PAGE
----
At the global level, about one third or 1.3 billion tons of food produced for human consumption are lost or wasted annually. In industrialized countries, over 40% of this wastage occurs at retail/consumer level. Smart labelling systems, which provide a visual indicator showing to consumers if a product is fresh or spoiled, can help increase food safety while having the potential to significantly lower food wastage.
In smart farming, automation has always been a step ahead of data analytics – GPS-guided tractors or milking robots provide benefits in terms of comfort, time-saving, seeding or harvesting accuracy. When it comes to reaping the benefits of sensor data collection, however, things are more arduous. Data and sensors do not have value in themselves: they need to be aggregated and milled through data-processing algorithms before they can be turned into valuable information – mostly agronomic advice and other support for farm management.
ICT-enabled livestock farming technologies have long been on the shelves. Unlike dairy or beef farming, however, uptake in the pig industry, which represents more than half (55%) of the meat produced in the EU, has remained modest.
While high-speed wireless internet is becoming a reality for most, many European, North American and Australian farmers still grapple with sluggish connections to the world wide web. Telecommunication companies, it seems, consider that densely populated areas as well as nodal transport infrastructure provide for a better business-case than rural ones when it comes to rolling out fast internet access. As a result, although cellular telecommunication networks are relatively easy set up in comparison to physical ones, such as fiber optics, reliable broadband internet access remains lacking in many peripheral regions, making this one of the biggest hurdles in the way of the smart farming revolution.
The Internet of Food & Farm 2020 (IoF2020) project was featured in the ‘Future of Farming’ event hosted by MEPs Anthea McIntyre and Jan Huitema at the European Parliament on Wednesday, 27 September 2017. The event gathered around 50 experts, end-users and policy-makers with an interest in precision farming and innovative IoT technologies.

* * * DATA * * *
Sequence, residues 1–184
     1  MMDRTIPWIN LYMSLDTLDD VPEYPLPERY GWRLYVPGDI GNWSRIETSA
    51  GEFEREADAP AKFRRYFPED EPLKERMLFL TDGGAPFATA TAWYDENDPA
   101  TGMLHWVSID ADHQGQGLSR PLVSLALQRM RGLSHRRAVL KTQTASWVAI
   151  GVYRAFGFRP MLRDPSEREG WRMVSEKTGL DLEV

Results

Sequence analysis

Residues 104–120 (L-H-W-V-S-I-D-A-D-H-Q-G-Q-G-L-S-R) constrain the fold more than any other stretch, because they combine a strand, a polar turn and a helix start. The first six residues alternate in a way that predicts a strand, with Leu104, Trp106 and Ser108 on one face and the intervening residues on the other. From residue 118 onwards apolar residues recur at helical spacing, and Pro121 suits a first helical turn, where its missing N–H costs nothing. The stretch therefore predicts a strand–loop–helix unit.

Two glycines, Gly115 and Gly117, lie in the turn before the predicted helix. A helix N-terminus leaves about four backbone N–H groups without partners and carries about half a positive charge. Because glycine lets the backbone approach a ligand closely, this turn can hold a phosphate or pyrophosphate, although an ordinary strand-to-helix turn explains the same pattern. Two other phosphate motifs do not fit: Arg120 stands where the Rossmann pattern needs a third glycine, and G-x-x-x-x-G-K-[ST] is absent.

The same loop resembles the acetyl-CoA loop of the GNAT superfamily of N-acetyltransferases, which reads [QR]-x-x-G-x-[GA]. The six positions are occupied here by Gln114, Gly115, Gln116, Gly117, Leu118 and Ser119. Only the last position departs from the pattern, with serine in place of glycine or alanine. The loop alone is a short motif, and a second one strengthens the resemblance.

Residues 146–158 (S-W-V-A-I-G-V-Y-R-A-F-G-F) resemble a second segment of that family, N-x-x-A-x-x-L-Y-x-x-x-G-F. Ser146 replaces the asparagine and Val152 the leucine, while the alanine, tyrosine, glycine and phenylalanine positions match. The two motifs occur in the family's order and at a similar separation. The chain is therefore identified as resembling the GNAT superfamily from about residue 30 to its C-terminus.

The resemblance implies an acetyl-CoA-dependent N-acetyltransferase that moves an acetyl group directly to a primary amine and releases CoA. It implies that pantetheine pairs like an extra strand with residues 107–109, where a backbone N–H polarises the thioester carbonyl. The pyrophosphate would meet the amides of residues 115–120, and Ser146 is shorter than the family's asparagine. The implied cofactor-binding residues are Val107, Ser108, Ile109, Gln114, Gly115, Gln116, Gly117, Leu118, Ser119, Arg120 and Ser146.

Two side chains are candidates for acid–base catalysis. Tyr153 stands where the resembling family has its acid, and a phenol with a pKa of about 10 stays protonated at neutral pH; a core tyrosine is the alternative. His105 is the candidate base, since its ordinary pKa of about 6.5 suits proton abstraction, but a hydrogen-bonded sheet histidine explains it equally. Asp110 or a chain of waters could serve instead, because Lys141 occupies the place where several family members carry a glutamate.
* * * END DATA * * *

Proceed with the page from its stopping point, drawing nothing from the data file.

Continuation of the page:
Progresses on the Trans-Pacific Partnership (TTP) and the Economic Partnership Agreement with the EU may spell the end of farming in Japan as we know it. With a rapidly ageing population and a lack of economies of scales due to the small size of the mostly family-owned farming plots, the Japanese agricultural sector needs to reinvigorate itself if it is to stand a free-market shock in the coming years. This is where smart farming comes into play.
Initially developed by the U.S. military, drones are becoming increasingly mainstream: more than two million were sold last year alone for recreational purposes in the U.S. When it comes to commercial applications, these span remote inspection, security services, special delivery, insurance claims and even golfing. But drones also represent the latest trend in the smart farming revolution. In specific, besides their use in cattle herding, drones, formally termed remotely piloted aerial systems (RPAS), come in handy in arable farming.
Better fertilizer provision across the world has enabled farmers to boost yields and save millions of people from starvation. Despite their contribution to the agricultural boom known as the “Green Revolution”, fertilizers are increasingly under the spotlight of environmentalists and policy-makers.